He explained that he was Hitler and told them he was shooting a movie so people could tell him what they really think about today’s Germany. “Then people started to talk to me. This was really awful.”

Masucci says Germans told him they thought democracy wasn’t working, that Germany needed another strongman, that refugees should be sent home and the unemployed should be put in labor camps.

Wnendt acknowledges that the Germans who spoke to “Hitler” knew that they were speaking to an actor dressed as him. But there was a depth to what they said that was chilling.

“They forgot about the camera and really took him seriously. When he gave them his ideas on immigration, they thought those ideas were great. No matter where we went, there were always people who really kind of fell for him. And that’s kind of sad in a way. It was good for the film, but it’s sad for our country.”

Hitler trying to learn how to use a computer and mouse Credit: Courtesy: Constantin Film
“Look Who’s Back” is unmistakeably funny. It makes you laugh out loud. You see the Hitler character trying to learn how to use a computer and mouse. He wants the username Adolf Hitler but it’s already taken.

In the film, the TV producers are ruthless in their careerism. And the only scene in which “Hitler” gets in trouble is when an online video turns up showing him shooting an annoying dog.

As a filmgoer, it’s refreshing to see a German satirical film. The Germans aren’t exactly known for their sense of humor. Then Wnendt reminds us why this is.

“Before Hitler came to power, the Jews in Germany were a huge part of the entertainment industry. Jewish humor has a long and strong tradition. Because of the Holocaust, we still, up to today, can still feel that loss of humor and creativity because of the Third Reich.”

And that’s exactly the raw nerve that “Look Who’s Back” succeeds in touching.”

check this out on Netflix if you want a conversation starter… :Look Who’s Back

IMG_3552

 

CFMU– I have been hosting a soundtrack radio programme since the late 90’s at CFMU Radio in Hamilton and have recently decided to start to post the 2 hour podcasts on Soundcloud. Check out the link here: Soundtrack on CFMU Podcast

I hope to keep posting here on a more regular basis. A couple interesting things I am hoping to see at the TIFF Lightbox soon are the Norwegian thriller:Hevn, and Nicholas Winding Refn’s new movie: The Neon Demon

 

Later this summer I am planning on attending the Fantasia International Film Festival in Montreal in July and TIFF this September as well:)

Thanks for checking out the blog and feel free to send me comments or share!

Cheers

Stephen

 

Film Eye

Well it is nearing the end of my European journey,as I fly home in a few days via Iceland. I have squeezed in a few more screenings in the last week, but I am limited to watching English language films here in the Netherlands as any film subtitling is in Dutch which is beyond my linguistic capabilities:)

I did get to link up with filmmaker Adrien Costello in. Paris for a film: Concussion starring Will Smith. A well done look at groundbreaking research into a brain disease affecting ex-NFL players,and the fight by the main researcher to have it recognized by the league.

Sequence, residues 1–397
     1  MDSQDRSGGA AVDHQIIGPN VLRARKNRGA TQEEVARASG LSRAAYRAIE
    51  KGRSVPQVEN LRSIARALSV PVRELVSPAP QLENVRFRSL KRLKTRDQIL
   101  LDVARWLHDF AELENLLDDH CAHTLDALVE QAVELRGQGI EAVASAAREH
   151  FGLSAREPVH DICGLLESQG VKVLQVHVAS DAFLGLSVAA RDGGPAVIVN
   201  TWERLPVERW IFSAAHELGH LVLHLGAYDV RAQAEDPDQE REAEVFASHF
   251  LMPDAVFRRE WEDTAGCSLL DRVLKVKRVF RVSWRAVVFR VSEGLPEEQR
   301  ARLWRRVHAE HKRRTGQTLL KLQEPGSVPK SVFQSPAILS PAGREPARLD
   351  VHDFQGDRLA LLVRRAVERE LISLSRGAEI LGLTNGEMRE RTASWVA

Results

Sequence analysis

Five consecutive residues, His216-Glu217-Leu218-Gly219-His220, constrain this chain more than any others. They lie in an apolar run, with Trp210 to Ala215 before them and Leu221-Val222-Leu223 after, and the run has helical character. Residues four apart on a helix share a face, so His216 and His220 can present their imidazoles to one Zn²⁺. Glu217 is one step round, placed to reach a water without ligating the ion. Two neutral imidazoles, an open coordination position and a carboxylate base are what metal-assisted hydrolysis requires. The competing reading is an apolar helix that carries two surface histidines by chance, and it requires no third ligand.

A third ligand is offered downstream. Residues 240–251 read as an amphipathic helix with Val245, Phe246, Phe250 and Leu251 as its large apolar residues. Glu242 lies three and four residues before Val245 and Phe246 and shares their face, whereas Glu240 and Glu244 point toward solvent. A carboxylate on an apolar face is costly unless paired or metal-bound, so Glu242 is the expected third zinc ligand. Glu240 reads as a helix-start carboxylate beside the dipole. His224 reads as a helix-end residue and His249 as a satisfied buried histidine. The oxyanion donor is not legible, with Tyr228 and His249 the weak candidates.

In Rotterdam I checked out a very cool complex on the harbour called Lanterna Venesta-a music venue/restaurant/cinema-and checked out a new film : Beyond Sleep. It is a new Norway/Netherlands co-production and involves a small group of geologists hiking through the wilderness of remote Norway. Most are concerned with practical discoveries, but out lead character seems to be on more of a metaphysical journey. An uneven film that never quite reached or conveyed fully what it was trying express.

I did see some great photography in Rotterdam at a couple museums. The Kusnthall Museum has a very nice exhibit of photos by Phillipe Hausmann-including some very famous still is Salvador Dali, Alfred Hitchcock, and Marilyn Monroe. If you are anywhere near Rotterdan definately a must see:

http://www.kunsthal.nl/en/#tijdlijn-2016-03

image

Other photos were on display appropriately enough at the Netherlands Photography Museum housed in a former cruise liner terminal building. Two exhibitions were of note: Ulays installation of Polaroids, and Toon Michiels show American Neon Signs-Day & Night.Another reason to head to Rotterdam this spring:)

image

I headed down the road (or track as I have been travelling by train) to Amsterdam. There is a very cool ex-tram garage that is now I large food hall (FoodHallen) and within the complex is a nice 5 theatre cinema. I had heard Charlie Kaufman’s new film was really interesting-a “buzz” film. It is called Anomolisa and is all stop motion animation which give the movie a very bizarre, otherworldly look. Beyond that-the film wasn’t this viewers cup of tea. The lead character (Michael Stone) came across to me as a creep, visiting Cincinnati to give a speech at a conference, he spends most of his energy drinking, smoking, and trying to have sex. Oh,and have some sort of existential crisis or mid-life breakdown. That is supposed to make him a bit less of a jerk perhaps? The portrayal of women in the film is very poor- they are doormats with very little self esteem- no excuse for that in this day and age. Anyways obviously I didn’t care for the film-maybe you will think differently if you see it.